The US Securities and  Exchange   Commission (SEC) announced on Wednesday that it has obtained emergency relief in a millionaire  Ponzi Scheme  case and filed charges against an investment adviser involved in the saga. According to the press release, the watchdog filed an emergency action to stop a Ponzi scheme allegedly operated by Marietta, Georgia resident John Woods and two entities he controls: a registered investment adviser Livingston Group Asset Management Company, Southport Capital (Southport), and investment fund Horizon Private Equity, III LLC (Horizon).

Yesterday, the US District Court for the Northern District of Georgia granted the SEC a temporary restraining order to freeze the defendants’ assets, accused of raising over $110 million fraudulently from over 400 investors in 20 states. The investment product offered by them were memberships units in Horizon.

“Woods, Southport and other Southport investment adviser representatives allegedly told investors, including many elderly retirees, that their Horizon investments were safe, would be used for different investment activities, would pay a fixed rate of return, and that investors could get their principal back without penalty after a short waiting period,” the SEC noted. However, the claims made throughout the promotion of the scheme were fake and misleading, according to the US financial watchdog.

‘Returns’ Were Paid with Other Investors’ Funds

In fact, authorities said Horizon “did not earn any significant profits from legitimate investments” and such returns promised came from other investors’ funds, in the same way that a Ponzi scheme operates.

“As alleged in the complaint, Woods and Southport preyed upon their clients’ fears of losing their hard-earned savings and convinced them to place millions of dollars into a Ponzi scheme by falsely promising them a safe investment with steady returns,” Nekia Hackworth Jones, Director of the SEC’s Atlanta Regional Office, commented. The investigation keeps underway regarding this case.

On July 14, the US SEC filed charges on two individuals based in Israel with allegedly defrauding US investors out of millions of dollars through binary options.

The US Securities and  Exchange   Commission (SEC) announced on Wednesday that it has obtained emergency relief in a millionaire  Ponzi Scheme  case and filed charges against an investment adviser involved in the saga. According to the press release, the watchdog filed an emergency action to stop a Ponzi scheme allegedly operated by Marietta, Georgia resident John Woods and two entities he controls: a registered investment adviser Livingston Group Asset Management Company, Southport Capital (Southport), and investment fund Horizon Private Equity, III LLC (Horizon).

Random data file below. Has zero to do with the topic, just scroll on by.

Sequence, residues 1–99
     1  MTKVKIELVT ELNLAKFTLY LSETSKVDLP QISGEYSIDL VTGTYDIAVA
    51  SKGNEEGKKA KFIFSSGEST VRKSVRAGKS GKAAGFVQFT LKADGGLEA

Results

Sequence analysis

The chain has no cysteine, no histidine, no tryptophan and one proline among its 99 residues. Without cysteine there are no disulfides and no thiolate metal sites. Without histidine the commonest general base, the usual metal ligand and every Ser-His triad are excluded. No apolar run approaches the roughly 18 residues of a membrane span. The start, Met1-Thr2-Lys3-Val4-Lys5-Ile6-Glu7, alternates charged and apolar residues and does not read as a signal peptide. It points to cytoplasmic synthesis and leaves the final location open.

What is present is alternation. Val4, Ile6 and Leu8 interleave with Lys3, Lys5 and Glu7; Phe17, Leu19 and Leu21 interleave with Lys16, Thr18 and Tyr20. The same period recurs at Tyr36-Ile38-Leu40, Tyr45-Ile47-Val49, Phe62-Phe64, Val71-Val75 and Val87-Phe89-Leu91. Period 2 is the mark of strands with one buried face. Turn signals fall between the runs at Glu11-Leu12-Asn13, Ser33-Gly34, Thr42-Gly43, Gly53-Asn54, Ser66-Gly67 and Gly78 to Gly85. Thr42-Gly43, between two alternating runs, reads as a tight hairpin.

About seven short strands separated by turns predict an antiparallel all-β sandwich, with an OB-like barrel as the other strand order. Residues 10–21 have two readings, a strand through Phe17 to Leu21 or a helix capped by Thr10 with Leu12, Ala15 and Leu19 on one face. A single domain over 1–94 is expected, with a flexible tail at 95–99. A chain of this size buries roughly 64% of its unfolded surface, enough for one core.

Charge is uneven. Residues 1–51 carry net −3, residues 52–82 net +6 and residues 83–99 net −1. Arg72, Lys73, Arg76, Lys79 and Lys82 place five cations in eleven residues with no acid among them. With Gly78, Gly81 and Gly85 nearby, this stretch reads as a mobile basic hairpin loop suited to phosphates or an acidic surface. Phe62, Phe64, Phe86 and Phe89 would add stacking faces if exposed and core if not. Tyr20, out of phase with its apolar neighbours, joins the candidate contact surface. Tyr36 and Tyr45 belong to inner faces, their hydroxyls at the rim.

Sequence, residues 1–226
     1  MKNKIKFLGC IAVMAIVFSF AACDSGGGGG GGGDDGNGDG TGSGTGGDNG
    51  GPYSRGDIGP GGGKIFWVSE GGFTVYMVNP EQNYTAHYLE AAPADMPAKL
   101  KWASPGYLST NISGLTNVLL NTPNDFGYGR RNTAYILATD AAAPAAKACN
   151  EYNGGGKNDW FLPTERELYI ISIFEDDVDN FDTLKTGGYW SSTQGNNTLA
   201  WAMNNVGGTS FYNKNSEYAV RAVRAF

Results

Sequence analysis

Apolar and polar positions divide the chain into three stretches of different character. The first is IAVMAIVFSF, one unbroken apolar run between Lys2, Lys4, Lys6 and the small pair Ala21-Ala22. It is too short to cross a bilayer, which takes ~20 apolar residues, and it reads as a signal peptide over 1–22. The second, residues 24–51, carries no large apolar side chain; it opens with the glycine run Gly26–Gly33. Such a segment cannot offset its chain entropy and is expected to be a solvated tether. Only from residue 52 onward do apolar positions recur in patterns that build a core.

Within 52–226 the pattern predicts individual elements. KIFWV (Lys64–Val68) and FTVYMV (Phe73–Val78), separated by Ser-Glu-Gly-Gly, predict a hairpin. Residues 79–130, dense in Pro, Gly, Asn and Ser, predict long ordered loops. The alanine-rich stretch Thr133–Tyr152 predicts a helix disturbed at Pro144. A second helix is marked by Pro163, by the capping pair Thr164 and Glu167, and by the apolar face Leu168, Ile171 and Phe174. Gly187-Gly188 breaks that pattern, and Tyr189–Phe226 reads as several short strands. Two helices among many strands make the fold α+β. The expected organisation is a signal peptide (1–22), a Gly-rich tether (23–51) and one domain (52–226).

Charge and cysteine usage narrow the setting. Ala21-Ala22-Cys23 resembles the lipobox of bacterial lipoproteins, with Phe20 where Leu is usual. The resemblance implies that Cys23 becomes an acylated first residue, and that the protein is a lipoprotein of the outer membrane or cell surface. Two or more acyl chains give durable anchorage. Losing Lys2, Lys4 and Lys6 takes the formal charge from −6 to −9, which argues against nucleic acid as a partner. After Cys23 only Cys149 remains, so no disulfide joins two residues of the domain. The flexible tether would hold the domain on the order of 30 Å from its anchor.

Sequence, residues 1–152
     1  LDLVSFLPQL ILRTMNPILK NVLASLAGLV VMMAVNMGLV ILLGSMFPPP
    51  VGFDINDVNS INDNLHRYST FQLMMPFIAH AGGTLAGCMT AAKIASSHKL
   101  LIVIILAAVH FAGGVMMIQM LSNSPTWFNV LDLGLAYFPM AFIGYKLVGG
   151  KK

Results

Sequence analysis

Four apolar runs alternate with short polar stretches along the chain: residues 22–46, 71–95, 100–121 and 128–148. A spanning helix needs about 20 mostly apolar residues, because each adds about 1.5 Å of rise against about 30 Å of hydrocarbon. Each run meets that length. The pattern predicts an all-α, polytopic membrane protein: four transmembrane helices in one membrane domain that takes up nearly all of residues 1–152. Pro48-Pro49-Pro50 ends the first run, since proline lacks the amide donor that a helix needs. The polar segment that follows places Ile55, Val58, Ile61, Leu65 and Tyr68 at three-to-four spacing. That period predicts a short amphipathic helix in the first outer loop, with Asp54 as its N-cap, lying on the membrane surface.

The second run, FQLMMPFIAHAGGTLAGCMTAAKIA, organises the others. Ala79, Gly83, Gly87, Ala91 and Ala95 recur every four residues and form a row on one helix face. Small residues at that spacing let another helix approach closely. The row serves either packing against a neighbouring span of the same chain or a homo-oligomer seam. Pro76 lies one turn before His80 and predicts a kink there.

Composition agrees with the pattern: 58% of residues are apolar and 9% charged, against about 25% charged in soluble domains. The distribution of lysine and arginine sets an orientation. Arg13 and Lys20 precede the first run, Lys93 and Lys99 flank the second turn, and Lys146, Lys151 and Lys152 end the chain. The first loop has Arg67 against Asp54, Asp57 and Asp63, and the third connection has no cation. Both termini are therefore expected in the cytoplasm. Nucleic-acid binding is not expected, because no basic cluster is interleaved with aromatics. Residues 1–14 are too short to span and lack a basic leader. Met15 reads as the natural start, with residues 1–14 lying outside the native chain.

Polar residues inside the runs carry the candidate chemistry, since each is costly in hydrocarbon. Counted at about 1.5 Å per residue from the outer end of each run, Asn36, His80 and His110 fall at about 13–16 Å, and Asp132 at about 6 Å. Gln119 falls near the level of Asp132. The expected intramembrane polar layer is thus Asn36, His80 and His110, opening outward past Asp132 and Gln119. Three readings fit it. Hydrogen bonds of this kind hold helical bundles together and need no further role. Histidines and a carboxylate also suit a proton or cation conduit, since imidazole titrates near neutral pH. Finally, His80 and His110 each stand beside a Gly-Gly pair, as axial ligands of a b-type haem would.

Yesterday, the US District Court for the Northern District of Georgia granted the SEC a temporary restraining order to freeze the defendants’ assets, accused of raising over $110 million fraudulently from over 400 investors in 20 states. The investment product offered by them were memberships units in Horizon.

“Woods, Southport and other Southport investment adviser representatives allegedly told investors, including many elderly retirees, that their Horizon investments were safe, would be used for different investment activities, would pay a fixed rate of return, and that investors could get their principal back without penalty after a short waiting period,” the SEC noted. However, the claims made throughout the promotion of the scheme were fake and misleading, according to the US financial watchdog.

‘Returns’ Were Paid with Other Investors’ Funds

In fact, authorities said Horizon “did not earn any significant profits from legitimate investments” and such returns promised came from other investors’ funds, in the same way that a Ponzi scheme operates.

“As alleged in the complaint, Woods and Southport preyed upon their clients’ fears of losing their hard-earned savings and convinced them to place millions of dollars into a Ponzi scheme by falsely promising them a safe investment with steady returns,” Nekia Hackworth Jones, Director of the SEC’s Atlanta Regional Office, commented. The investigation keeps underway regarding this case.

On July 14, the US SEC filed charges on two individuals based in Israel with allegedly defrauding US investors out of millions of dollars through binary options.